Monday April 6th, 2009

All that was really known about Valero before Saturday night's showdown with Antonio Pitalua was that he: a) had staggering knock-out power, b) had showcased that power against relatively inferior competition, and c) was only able to fight in Texas because of lingering concerns about his 2001 brain surgery. But after dispatching Pitalua in less than two rounds and claiming the vacant WBC title, there is no question that Valero (25-0, 25 KOs) has positioned himself as a player in the loaded lightweight division.

However, I don't think Valero is quite ready for universally recognized lightweight champion Juan Manuel Marquez. The new champ exposes his chin too much when he comes forward, leaving him wide open for heavy shots from an elite counter-puncher like Marquez, and Golden Boy CEO Richard Schaefer said that Marquez is looking at bigger fights against Manny Pacquiao, Ricky Hatton or Floyd Mayweather Jr. But a step up in competition is definitely in order for Valero. One possibility is fellow power-puncher Michael Katsidis, who revived his own career Saturday with a TKO victory over Jesus Chavez. Grade: A

Give Bradley credit. After being dropped by a picture-perfect left hook from Kendall Holt in the first round of their junior welterweight unification fight Saturday, Bradley regrouped and stormed to a convincing decision victory. The busier fighter for virtually every round, Bradley (24-0) put constant pressure on Holt inside and, despite never seeming to hurt Holt, he undoubtedly took his spirit with the relentless assault. Speculation before the fight had the winner challenging either Pacquiao or Hatton at the end of the year, but I don't believe Bradley is ready for that yet. Holt was awful (see below) and Bradley was still knocked down twice and backed up by Holt's jab. A rematch, in which the major networks would assuredly be interested, wouldn't be the worst thing in the world for either fighter. Grade: B

The fact that Vitali Tsypko is vastly overrated (why was he in a title elimination fight to begin with?) has a lot to do with Andrade's mediocre grade, despite his unanimous-decision victory. I just wasn't that impressed with Andrade's performance; he dropped Tsypko in the second and seventh rounds, but the reality was that Tsypko was so inept and so timid in this fight that Andrade probably should have ended it a lot sooner.

Instead, Andrade will enter his anticipated rematch with IBF champion Lucian Bute (their first fight was a wide decision victory for Bute that Andrade nearly stole after battering Bute in the 12th round) with the same questions hanging over his head: Can he box with the more skilled Bute? Will his power be enough to overwhelm the champ before the 12th round? With the rematch likely to go down in the fall, we won't have to wait long to find out. Grade: C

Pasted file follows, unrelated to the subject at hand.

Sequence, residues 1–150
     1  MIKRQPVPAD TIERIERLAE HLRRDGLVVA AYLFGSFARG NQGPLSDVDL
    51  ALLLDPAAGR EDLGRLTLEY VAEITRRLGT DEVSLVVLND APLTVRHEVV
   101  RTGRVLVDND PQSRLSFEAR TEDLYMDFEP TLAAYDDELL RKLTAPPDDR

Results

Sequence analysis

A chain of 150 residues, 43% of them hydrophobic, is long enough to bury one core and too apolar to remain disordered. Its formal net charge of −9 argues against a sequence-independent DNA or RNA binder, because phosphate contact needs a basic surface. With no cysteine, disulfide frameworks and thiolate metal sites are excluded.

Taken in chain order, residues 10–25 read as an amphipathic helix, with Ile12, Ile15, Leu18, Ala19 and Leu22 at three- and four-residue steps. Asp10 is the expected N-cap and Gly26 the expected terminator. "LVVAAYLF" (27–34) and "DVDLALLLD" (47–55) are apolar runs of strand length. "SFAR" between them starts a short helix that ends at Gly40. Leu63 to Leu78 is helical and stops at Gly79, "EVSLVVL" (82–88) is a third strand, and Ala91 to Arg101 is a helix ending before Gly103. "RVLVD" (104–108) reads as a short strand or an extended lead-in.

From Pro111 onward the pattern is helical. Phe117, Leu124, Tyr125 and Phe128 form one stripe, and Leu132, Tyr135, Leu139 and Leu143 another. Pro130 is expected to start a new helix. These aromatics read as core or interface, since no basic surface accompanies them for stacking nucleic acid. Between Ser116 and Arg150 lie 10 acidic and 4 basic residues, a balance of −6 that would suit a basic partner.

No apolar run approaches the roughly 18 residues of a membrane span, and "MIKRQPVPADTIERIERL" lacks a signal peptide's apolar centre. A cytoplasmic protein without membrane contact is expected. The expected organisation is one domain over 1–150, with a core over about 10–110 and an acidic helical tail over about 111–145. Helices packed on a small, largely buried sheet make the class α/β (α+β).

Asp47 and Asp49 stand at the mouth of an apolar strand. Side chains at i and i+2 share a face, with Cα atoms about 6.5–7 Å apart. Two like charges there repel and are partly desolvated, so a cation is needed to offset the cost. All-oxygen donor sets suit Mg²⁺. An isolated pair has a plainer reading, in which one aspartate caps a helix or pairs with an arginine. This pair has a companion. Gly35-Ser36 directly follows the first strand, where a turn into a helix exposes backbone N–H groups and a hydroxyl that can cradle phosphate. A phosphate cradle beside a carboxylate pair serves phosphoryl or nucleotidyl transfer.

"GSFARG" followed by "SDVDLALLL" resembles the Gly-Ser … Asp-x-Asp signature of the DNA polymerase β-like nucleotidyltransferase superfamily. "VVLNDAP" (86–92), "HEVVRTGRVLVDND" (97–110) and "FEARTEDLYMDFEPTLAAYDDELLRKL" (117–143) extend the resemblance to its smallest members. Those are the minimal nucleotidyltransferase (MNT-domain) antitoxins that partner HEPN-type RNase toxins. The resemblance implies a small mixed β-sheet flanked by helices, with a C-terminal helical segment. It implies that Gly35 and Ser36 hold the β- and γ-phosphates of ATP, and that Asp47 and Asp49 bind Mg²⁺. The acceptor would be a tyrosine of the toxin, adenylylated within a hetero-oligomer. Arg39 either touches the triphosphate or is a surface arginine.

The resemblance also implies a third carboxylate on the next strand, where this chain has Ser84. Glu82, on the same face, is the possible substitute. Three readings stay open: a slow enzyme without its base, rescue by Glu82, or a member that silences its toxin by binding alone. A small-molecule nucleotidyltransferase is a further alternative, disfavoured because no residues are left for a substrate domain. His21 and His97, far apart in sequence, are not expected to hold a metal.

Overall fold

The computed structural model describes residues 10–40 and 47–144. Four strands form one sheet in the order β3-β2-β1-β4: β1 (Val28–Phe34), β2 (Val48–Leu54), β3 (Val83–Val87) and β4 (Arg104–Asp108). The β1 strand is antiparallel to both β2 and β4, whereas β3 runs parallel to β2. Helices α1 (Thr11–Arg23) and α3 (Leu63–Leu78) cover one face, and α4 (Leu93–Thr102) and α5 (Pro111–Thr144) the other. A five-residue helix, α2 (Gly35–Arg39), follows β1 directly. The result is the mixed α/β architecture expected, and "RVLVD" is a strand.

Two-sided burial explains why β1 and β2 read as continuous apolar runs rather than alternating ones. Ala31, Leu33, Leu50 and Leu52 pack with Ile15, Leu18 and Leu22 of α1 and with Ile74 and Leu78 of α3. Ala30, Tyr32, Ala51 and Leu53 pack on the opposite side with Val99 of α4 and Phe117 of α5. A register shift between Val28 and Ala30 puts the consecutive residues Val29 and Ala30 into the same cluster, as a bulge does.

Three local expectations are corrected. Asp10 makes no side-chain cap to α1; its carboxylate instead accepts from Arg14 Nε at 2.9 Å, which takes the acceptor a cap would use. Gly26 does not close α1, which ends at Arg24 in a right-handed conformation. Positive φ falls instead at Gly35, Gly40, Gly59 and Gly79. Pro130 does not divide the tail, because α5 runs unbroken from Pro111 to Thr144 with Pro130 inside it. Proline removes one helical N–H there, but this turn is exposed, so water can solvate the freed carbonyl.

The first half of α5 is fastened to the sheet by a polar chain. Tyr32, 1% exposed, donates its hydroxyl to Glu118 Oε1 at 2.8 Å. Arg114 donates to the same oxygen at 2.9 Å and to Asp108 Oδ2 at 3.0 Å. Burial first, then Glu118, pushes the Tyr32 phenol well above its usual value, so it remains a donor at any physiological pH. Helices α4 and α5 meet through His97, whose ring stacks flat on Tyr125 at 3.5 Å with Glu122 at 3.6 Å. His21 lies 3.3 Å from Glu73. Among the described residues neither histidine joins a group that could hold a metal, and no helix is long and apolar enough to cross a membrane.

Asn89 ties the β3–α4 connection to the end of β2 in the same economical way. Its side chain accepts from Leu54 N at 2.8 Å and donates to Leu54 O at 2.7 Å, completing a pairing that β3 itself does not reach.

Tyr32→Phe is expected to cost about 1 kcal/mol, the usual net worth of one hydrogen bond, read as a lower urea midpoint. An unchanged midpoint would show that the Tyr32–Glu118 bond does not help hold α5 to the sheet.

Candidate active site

For some reason, watching Holt fight reminded me of watching Clippers forward Zach Randolph play. Bear with me: Randolph is one of the NBA's most premiere low post presences, but every so often he will drift outside and start launching three-pointers. And opposing coaches pray that he makes them. Why? Because it virtually guarantees that Randolph will take several more. And that's not his game.

Similarly, when Holt scored a first round knockdown of Bradley, it caused him to break from his game plan. Holt got cocky. He strutted around the ring, abandoned his jab and was content to look for that one punch that would knock out Bradley. It never came. Meanwhile, Bradley kept accumulating rounds until Holt's only option was to go for the knockout. If Holt had just stuck to his game plan and thrown that stinging jab and counterpunched with the aggressive Bradley, he probably would have won the fight. He may have even KO'd Bradley. Instead, Holt lost a wide decision that would have been even more lopsided had he not scored a 12th-round knockdown. Holt called for a rematch after the fight, but Bradley is under no obligation to give him one. Face it, Kendall: you blew it. Grade: D

Did Diaz not take Rolando Reyes seriously? I know Reyes was a last-minute replacement for Joel Casamayor, but Diaz didn't show his opponent any respect throughout this fight. And he paid for it. After muddling through four uneventful rounds, Diaz, a former 135-pound titleholder, was dropped twice in the fifth round before the referee waved off the fight.

Afterwards, Diaz had the audacity to suggest that his training was compromised by the switch from Casamayor to Reyes. Huh? Unless Diaz had a comprehensive strategy to beat Casamayor that was not applicable at all to Reyes, that's a pathetic excuse. With two knock-out losses in his last four fights, Diaz faces a steep climb back to contender status. Grade: F

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